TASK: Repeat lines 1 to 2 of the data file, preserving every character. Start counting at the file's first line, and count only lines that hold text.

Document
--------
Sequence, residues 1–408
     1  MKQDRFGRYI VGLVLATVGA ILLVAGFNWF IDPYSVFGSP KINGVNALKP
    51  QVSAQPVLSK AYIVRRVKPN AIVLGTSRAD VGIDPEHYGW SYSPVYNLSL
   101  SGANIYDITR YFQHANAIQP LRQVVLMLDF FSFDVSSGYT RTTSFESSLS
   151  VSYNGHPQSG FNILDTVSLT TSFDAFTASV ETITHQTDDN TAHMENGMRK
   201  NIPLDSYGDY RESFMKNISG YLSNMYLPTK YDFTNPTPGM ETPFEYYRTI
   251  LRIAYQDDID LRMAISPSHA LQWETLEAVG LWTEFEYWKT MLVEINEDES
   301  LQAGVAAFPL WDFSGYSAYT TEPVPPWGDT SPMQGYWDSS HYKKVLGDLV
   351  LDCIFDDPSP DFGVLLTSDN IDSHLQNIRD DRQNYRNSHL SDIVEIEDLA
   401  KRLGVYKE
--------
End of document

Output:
Sequence, residues 1–408
     1  MKQDRFGRYI VGLVLATVGA ILLVAGFNWF IDPYSVFGSP KINGVNALKP